Dignity is apparently big in parts of ethics, particularly as a reason to stop others doing anything ‘unnatural’ regarding their bodies, such as selling their organs, modifying themselves or reproducing in unusual ways. Dignity apparently belongs to you except that you aren’t allowed to sell it or renounce it. Nobody who finds it important seems keen to give it a precise meaning. So I wondered if there was some definition floating around that would sensibly warrant the claims that dignity is important and is imperiled by futuristic behaviours.
These are the ones I came across variations on often:
The state or quality of being worthy of respect
An innate moral worthiness, often considered specific to homo sapiens.
Being respected by other people is sure handy, but so are all the other things we trade off against one another at our own whims. Money is great too for instance, but it’s no sin to diminish your wealth. Plus plenty of things people already do make other people respect them less, without anyone thinking there’s some ethical case for banning them. Where are the papers condemning being employed as a cleaner, making jokes that aren’t very funny, or drunkenly revealing your embarrassing desires? The mere act of failing to become well read and stylishly dressed is an affront to your personal dignity.
This may seem silly; surely when people argue about dignity in ethics they are talking about the other, higher definition – the innate worthiness that humans have, not some concrete fact about how others treat you. Apparently not though. When people discuss organ donation for instance, there is no increased likelihood of ceasing to be human and losing whatever dollop of inherent worth that comes with it during the operation just because cash was exchanged. Just plain old risk that people will think ill of you if you sell yourself.
The second definition, if it innately applies to humans without consideration for their characteristics, is presumably harder to lose. It’s also impossible to use. How you are treated by people is determined by what those people think of you. You can have as much immeasurable innate worthiness as you like; you will still be spat on if people disagree with reality, which they probably will with no faculties for perceiving innate moral values. Reality doesn’t offer any perks to being inherently worthy either. So why care if you have this kind of dignity, even if you think such a thing exists?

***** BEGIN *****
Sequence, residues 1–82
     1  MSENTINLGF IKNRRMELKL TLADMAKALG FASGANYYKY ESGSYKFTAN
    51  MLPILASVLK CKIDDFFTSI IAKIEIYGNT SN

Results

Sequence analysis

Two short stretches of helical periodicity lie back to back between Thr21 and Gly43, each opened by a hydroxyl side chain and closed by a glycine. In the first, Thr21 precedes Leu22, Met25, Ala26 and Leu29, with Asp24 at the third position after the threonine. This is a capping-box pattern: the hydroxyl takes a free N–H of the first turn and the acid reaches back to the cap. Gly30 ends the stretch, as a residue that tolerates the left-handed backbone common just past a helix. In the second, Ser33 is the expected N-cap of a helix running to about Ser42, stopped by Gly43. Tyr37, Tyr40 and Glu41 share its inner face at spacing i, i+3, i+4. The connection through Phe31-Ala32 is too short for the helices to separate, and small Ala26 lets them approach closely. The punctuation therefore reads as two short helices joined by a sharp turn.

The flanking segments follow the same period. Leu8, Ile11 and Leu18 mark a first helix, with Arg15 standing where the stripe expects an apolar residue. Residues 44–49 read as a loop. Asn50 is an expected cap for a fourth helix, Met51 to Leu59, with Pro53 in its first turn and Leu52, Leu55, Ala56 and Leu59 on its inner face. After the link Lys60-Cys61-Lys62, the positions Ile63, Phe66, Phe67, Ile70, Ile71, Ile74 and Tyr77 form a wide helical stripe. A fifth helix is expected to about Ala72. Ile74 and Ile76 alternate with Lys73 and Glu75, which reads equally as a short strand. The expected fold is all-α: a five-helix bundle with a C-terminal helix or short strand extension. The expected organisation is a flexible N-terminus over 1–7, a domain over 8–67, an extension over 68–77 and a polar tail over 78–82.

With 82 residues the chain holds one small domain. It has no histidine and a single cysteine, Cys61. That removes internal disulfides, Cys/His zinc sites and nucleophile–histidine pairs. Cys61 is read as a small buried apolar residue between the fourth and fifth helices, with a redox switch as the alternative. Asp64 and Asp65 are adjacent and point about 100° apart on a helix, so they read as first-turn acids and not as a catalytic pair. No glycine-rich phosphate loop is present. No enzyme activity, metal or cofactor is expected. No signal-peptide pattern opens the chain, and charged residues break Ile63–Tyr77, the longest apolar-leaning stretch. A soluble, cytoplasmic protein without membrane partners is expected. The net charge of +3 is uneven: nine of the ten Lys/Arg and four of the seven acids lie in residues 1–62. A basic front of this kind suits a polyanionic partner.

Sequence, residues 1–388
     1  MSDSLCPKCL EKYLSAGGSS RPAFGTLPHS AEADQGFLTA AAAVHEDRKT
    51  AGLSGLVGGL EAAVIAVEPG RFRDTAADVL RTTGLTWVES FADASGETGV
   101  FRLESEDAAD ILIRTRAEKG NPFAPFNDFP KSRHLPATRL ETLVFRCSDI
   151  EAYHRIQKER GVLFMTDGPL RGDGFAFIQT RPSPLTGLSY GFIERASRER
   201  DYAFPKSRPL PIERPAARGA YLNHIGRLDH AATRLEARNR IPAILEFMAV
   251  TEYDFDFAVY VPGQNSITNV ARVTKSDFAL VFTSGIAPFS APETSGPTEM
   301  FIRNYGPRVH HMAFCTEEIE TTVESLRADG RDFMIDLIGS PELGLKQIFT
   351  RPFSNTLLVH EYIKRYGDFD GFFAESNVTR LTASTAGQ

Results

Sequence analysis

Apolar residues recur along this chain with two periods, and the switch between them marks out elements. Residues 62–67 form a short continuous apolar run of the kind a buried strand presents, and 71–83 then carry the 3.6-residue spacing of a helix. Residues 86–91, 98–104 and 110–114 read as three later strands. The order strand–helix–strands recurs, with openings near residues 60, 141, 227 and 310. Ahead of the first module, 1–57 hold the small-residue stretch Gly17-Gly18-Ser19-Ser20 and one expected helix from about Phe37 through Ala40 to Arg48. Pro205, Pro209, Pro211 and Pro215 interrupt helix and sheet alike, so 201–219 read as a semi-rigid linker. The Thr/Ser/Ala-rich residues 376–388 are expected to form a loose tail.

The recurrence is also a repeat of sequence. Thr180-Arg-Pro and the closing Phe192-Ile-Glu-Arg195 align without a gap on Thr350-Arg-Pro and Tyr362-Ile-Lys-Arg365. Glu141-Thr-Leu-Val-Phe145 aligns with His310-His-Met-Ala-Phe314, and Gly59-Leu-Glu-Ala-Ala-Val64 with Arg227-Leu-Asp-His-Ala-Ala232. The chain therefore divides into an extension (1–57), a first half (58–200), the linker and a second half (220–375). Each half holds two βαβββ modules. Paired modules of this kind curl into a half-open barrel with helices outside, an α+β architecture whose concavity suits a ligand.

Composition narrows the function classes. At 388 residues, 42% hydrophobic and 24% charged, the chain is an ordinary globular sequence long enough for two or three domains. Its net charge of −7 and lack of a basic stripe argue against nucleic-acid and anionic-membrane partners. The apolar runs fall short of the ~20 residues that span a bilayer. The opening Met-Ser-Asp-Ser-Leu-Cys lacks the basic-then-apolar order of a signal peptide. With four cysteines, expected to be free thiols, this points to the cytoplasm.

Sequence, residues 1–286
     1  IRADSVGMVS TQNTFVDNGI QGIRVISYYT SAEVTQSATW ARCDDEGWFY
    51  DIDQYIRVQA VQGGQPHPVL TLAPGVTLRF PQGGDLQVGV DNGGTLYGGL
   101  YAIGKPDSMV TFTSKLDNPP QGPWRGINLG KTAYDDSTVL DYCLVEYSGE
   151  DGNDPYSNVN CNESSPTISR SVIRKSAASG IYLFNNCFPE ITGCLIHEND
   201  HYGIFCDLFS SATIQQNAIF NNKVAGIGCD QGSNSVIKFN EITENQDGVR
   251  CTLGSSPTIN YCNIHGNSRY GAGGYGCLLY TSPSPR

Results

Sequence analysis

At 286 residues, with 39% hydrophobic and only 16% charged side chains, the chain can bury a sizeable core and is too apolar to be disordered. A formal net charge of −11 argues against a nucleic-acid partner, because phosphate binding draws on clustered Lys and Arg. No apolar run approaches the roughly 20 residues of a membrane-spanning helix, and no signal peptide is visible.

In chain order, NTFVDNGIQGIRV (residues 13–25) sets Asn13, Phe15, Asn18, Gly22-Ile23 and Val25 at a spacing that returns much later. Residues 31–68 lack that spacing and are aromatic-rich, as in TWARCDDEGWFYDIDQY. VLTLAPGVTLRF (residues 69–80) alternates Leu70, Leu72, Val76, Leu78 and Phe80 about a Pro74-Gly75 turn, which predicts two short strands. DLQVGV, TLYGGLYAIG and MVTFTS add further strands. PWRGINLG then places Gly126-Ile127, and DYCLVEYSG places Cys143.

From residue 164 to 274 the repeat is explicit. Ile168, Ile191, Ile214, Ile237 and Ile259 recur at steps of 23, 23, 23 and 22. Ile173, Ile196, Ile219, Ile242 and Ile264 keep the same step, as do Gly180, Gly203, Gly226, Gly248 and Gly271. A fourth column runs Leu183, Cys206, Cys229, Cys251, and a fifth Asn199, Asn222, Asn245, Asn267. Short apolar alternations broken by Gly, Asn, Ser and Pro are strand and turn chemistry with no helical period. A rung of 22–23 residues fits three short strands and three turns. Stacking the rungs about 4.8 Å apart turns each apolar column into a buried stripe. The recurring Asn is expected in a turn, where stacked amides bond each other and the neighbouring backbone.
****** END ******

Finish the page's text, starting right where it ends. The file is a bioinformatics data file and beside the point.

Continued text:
Why do we point out that statements we are making are obvious? If a statement is actually obvious, there should rarely reason to point the statement out, let alone that it is obvious. It’s obviousness should be obvious. It seems that a person often emphasizes that a statement is obvious when they would prefer not be required to defend it. Sometimes this is just because it is obvious once you know their field but a lot of effort to explain to someone who doesn’t, but often it’s just that the explanation is not obvious to them.
But saying ‘obviously’ is too obvious. A better word is ‘clearly’. ‘Clearly’ sounds transparent and innocent. In reality it is a more subtle version of ‘obviously’.
I have noticed this technique used well in published philosophy from time to time. If getting to your conclusion is going to require assuming your conclusion is true, ‘clearly’ suggests to the reader that they not think over that step too closely.
For instance Michael Huemer in Ethical Intuitionism, while arguing that moral subjectivism is wrong, for the purpose of demonstrating that ethical intuitionism is right:
Traditionally, cultural relativists have been charged with endorsing such statements as,
If society were to approve of eating children, then eating children would be good.
which is clearly false.
Notice that ‘false’ seemingly means that it is false according to his intuition; the thing which he is trying to argue for the reliability of. If he just said ‘which is false’, the reader may wonder where, in a book on establishing a basis for ethical truth, this source of falsity may have popped from. ‘Clearly’ says that they needn’t worry about it.
Things can be obvious if they are simple. If something complicated is obvious, such as anything that anybody seriously studies, then for it to be simple you must be abstracting it a lot. When people find such things obvious, what they often mean is that the abstraction is so clear and simple its implications are unarguable. This is answering the wrong question. Most of the reasons such conclusions might be false are hidden in what you abstracted away. The question is whether you have the right abstraction for reality, not whether the abstraction has the implications it seems to.
e.g.1 I have heard that this is obvious: reality is made of optimizers, so when the optimizers optimize themselves there will be a recursive optimization explosion so something will become extremely optimized and take over the world. But to doubt this is not to doubt positive feedback works. The question is whether this captures the main dynamic taking place in the world.
e.g.2 I have thought before that it is obvious that a minimum wage would increase unemployment usually. This is probably because it’s so clear in an economic model, not because I had checked that that model fits reality well. I think it does, but it’s not obvious. It requires carefully looking at the world and at other possible abstractions.
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